Also, the British Guardian has a strong rebuttal to the Mail piece that you can read here. 
 
Any conclusions about media and climate change, about the Daily Mail piece, or the behavioral psychology underlying it all? We’d love to hear your thoughts in the comments below!

 

October 13, 2012

Corn: food or fuel?

As a follow-up to our previous post, we wanted to add another layer to the discussion on food waste and want. Oxfam’s Sarah Kalloch has this article about the problems associated with promoting biofuel subsidies and using corn as fuel.

(see http://politicsofpoverty.oxfamamerica.org/2012/10/04/corn-as-fuel-not-food/)

Quote: “Waiving the corn ethanol mandate will lead to an estimated 7.4 percent drop in global corn prices, which will in turn lower prices for meat, milk, eggs, and more. For people living in poverty who spend up to 75 percent of their income on food, this small change can make a big impact.”

What’s your stance on biofuels? Let us know in the comments below!

October 11, 2012

Food Want, Food Waste

Hey dearest readers,

This week, Harvard’s Resource Efficiency Program is doing an educational series on food waste, and we’ve rounded up a few powerful info-graphics to get the message across.

Hopefully you’ll find them as interesting as we did…check out the links below for more!

http://www.foodandtechconnect.com/site/wp-content/uploads/2012/08/FTFin-FoodWaste.jpeg

http://www.fastcoexist.com/1680494/the-environmental-impact-of-wasted-food

And a few specific statistics to mull over from http://www.wastedfood.com/:

  • Americans are wasting 1400 calories, per day, per person…that’s 150,000,000,000,000 calories wasted per year…that’s food for 2 billion people. In the United States, we waste more than 40% of the food we grow. 
  • There was a 50% increase in U.S. food waste from 1974-2003.
  • Food waste is the biggest component of trash in landfills and leads to methane emissions…a greenhouse gas with 21 times the global warming potential of carbon dioxide.
  • Food prices have risen 42% over the last ten years.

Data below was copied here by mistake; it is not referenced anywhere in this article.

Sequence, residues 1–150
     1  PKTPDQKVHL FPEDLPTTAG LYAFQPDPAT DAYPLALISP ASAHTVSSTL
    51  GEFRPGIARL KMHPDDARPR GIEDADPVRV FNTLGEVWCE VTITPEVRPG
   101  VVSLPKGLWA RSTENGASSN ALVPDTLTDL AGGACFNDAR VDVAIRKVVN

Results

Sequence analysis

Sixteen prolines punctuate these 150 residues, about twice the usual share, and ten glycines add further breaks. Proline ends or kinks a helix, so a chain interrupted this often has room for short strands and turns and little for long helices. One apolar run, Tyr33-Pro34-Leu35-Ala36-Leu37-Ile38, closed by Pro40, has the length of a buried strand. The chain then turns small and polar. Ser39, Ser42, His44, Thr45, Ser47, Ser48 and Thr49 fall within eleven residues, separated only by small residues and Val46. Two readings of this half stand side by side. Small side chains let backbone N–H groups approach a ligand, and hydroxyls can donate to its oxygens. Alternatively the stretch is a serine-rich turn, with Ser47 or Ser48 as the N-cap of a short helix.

• Waste of finite resources: 25% of all freshwater and 300 million barrels of oil that go toward food production are wasted.
  • $250 BILLION is lost globally on this problem every year.

I know we can all be more mindful about taking only what we’ll eat and when relevant, sampling meals beforehand (rather than taking heaping portions of something we might not like). This week, let’s all focus on tasting to reduce waste.

October 3, 2012

Guest Post by Chloe Maxmin

Hey everyone! We’re always excited to hear about creative initiatives on campuses. This week, Chloe Maxmin, a student at Harvard, was able to check in with us about a couple cool things going on at Harvard!

DIVEST HARVARD
Students for a Just and Stable Future, a climate justice on campus, has spearheaded Divest Harvard. Our goal is to pressure Harvard to divest its endowment from fossil fuel companies and reinvest in environmentally and socially responsible funds.
Thirty universities have joined the movement to divest from fossil fuel corporations. Students around the country are asking that their money be invested in funds that do not threaten the future that we want for ourselves and our children. Many schools–including Brandeis, Tufts, BU, UNH, Harvard, Amherst, and more–have already started mobilizing their campuses, and 350.org is officially launching a nation-wide divestment campaign in November. The Harvard campaign is picking up steam as we gather signatures (over 550 so far) and talk with student groups on campus. You can learn more about the national campaign at divestforourfuture.org, and check out what Divest Harvard is up to at Facebook.com/divestharvard.
The Harvard chapter of Students for a Just and Stable Future is the student group that is spearheading the divestment campaign on campus. If you are interested, you can come to our weekly meetings at 9 pm on Wednesdays in the PBHA parlor room to learn more!
SUSTAINABILITY EDUCATION INITIATIVE
Secondly, students on campus are coming together to improve sustainability education for undergraduates. The goal of this project is to create an interdisciplinary and integrative course on sustainability at Harvard College that can then become the centerpiece of a new secondary. Many Harvard students have expressed a desire to study the social and economic dimensions of sustainability in addition to the hard sciences perspective. Students want to be able to participate in a creative, cutting-edge, in-depth, interdisciplinary exploration of sustainability.
Harvard doesn’t offer a general course on sustainability issues even though there are many classes that deal with specialized aspects of the subject, such as food or medicine. Students have created courses in the past: a group developed the curriculum and syllabus for the Human Slavery and Trafficking course taught by Professor Patterson. Ideally the course would satisfy the US and the World Gen Ed requirement and provide an introduction to sustainability issues across many different fields. The course would also grapple with the interdisciplinary and complex relationships between society, economics, and science inherent in sustainability.